Rice Boy by Evan Dahm 2008
Rice Boy began life as a serialized web comic in 2004, and once the story was finished, it became a print-on-demand book. I came across it at a comic book show on the East coast. It’s a bit pricey, but it’s small press, and that’s what it cost to print. And it’s worth it. The full color art is clean, simple and inviting. The story flows in a very stream of conscious way, but still leans into the ending. It took me a couple of days to read Rice Boy, and when I wasn’t reading it, I couldn’t wait until I was.
Bottomless Belly Button by Dash Shaw 2008
At the beginning of Bottomless Belly Button, Shaw asks us to take breaks between the different parts of the book. For some reason I did so, and I think it was a good thing. All in all, this book was surprising to me. First, it’s so fat. There aren’t that many fat books on the Graphic Novel shelf. I like fat books. Second, the story is unexpectedly compelling; starting off with impressionistic images of beaches and a hand pushing down in the wet sand, it slowly becomes the turning point in the life of a family torn apart by divorce. I was also impressed by the mysteries in the story – - and really impressed by Shaw’s restraint in revealing only what he had to – - leaving much for the imagination, and keeping my thoughts on the book and its meaning for days afterward.
The Complete Essex County by Jeff Lemire 2009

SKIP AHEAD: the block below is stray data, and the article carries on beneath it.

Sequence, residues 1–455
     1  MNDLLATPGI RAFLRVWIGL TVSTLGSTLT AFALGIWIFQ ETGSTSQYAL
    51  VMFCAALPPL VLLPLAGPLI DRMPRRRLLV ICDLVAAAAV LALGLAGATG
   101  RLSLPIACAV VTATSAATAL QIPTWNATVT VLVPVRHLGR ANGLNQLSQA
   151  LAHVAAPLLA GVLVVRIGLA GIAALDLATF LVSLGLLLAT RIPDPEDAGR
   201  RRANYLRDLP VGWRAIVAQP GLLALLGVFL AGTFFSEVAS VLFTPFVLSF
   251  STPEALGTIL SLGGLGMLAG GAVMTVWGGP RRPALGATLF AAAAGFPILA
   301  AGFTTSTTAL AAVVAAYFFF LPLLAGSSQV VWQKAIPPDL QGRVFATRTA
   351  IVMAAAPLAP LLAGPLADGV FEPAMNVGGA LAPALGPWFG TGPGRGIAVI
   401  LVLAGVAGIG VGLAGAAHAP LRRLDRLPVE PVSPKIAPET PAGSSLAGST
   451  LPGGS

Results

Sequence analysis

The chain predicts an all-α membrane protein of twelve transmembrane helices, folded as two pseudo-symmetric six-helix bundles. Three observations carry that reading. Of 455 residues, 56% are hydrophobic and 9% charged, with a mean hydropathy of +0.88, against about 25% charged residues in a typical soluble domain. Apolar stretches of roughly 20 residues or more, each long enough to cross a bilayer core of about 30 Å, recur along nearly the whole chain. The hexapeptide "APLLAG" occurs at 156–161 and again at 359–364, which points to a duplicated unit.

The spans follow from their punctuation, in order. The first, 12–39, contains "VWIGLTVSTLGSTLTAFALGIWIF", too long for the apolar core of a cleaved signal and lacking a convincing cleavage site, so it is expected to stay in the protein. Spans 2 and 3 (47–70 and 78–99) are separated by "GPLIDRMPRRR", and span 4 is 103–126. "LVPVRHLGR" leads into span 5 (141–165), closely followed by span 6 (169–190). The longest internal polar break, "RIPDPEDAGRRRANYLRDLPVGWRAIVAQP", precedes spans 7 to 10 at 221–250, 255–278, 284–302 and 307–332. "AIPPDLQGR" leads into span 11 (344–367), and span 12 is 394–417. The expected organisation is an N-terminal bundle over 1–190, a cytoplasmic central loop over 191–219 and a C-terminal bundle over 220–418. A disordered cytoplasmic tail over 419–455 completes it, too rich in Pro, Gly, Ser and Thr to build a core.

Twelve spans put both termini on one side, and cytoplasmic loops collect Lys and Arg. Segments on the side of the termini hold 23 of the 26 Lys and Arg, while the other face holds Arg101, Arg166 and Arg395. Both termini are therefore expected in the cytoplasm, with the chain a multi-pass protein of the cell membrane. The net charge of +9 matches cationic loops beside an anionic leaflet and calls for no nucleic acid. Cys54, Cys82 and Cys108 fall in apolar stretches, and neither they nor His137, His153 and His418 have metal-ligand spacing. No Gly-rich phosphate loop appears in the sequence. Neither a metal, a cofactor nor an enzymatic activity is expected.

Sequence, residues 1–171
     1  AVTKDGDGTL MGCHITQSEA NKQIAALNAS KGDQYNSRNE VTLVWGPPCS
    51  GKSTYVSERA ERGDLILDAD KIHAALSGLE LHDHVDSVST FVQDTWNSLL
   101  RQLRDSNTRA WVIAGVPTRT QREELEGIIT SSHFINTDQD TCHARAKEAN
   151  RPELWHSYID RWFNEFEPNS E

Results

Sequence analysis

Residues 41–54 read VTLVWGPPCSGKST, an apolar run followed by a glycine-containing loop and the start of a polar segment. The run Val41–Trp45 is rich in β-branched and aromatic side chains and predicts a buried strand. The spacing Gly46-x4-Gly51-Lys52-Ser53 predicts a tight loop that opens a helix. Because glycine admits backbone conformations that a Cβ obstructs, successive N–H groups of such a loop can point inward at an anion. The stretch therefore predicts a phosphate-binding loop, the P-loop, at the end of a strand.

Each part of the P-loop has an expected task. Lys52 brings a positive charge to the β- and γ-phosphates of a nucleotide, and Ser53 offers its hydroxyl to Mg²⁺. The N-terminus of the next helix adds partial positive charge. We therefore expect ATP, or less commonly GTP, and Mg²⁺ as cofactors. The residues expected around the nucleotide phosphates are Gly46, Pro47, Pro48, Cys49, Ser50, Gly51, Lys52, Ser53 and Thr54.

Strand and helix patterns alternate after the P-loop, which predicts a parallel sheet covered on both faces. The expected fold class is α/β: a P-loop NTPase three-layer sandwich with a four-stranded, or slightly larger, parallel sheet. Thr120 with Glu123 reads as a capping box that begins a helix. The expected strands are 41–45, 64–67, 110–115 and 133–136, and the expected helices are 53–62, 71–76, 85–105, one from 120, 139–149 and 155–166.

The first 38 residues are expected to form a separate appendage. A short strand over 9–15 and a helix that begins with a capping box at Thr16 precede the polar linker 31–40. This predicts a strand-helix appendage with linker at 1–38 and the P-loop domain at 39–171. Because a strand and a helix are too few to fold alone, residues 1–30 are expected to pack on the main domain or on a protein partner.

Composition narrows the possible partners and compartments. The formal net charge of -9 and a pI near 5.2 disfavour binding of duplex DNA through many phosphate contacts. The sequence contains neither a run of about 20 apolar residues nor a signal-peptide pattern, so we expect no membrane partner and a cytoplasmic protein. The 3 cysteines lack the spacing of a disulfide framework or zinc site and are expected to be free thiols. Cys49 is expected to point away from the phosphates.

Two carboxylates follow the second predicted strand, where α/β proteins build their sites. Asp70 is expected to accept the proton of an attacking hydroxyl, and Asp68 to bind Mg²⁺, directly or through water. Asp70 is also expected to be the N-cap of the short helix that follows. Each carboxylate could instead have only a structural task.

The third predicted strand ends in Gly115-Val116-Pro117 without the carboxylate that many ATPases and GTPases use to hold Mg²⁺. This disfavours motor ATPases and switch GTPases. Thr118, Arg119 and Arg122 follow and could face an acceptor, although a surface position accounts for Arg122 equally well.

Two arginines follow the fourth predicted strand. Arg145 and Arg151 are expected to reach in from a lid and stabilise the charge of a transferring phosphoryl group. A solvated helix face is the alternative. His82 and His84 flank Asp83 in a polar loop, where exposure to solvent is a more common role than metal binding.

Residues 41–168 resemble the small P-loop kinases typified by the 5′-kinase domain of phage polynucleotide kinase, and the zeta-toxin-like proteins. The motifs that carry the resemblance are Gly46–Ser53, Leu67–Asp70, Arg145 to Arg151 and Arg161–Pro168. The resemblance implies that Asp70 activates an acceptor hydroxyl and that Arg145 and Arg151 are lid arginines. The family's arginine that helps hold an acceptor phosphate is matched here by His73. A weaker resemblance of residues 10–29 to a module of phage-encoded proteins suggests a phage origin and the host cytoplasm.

The first of the Essex County books was Tales from the Farm, which came out in 2007. It was followed by two sequels, Ghost Stories and The Country Nurse. The three Essex County books make up one of the best, and most organically interlocked trilogies I have ever read. The moment Lemire lets you know how these books are connected, you’ll raise your eyebrows and try to swallow the lump in your throat.
The Book of Genesis Illustrated by R. Crumb 2009
What can I say? It’s Crumb doing the Bible! There probably isn’t a cartoonist who hasn’t harbored an ambition to try something like this at one time or another. I know I have. The Book of Genesis Illustrated by R. Crumb is a straight take on the first book of the bible, and a near perfect one too, but after reading it, it’s definitely all Crumb. And you know what? He actually drew Jewish people. Maybe this says more about me than about Crumb, but after reading his version, I realized that I actually couldn’t draw any part of the bible…and maybe shouldn’t try.
There it is. For what it’s worth, my favorite comics of the decade. It was a great ten years for comics; graphic novels came into their own, spilling out of the comic shops and into mainstream bookstores and libraries. Hollywood fell in lust, making comics-based blockbusters and independent films. Web comics exploded. And as I traveled the world, I saw a huge, new generation of young cartoonists overflowing with ideas and enthusiasm, who had no preconceived ideas of what comics are, or what they could be about. Let’s see what’s next.
Lastly, I’d like to say a quick thanks to everyone who put Bone on one of their best of lists. The Bone: One Volume Edition appeared in 2004, and the color Scholastic series started in 2005, but the truth is, even though Bone finished up mid-decade, I sort of think of it as a nineties thing, so I was surprised and happy it wasn’t forgotten.A few of the lists that include Bone are The Onion’s A/V Club and Paste Magazine, both pop culture publications that cover comics, and The Cleveland Plain Dealer and the Indigo & Chapters Bookstores Book Lover’s Best of the Decade. Thank you!
See you next year…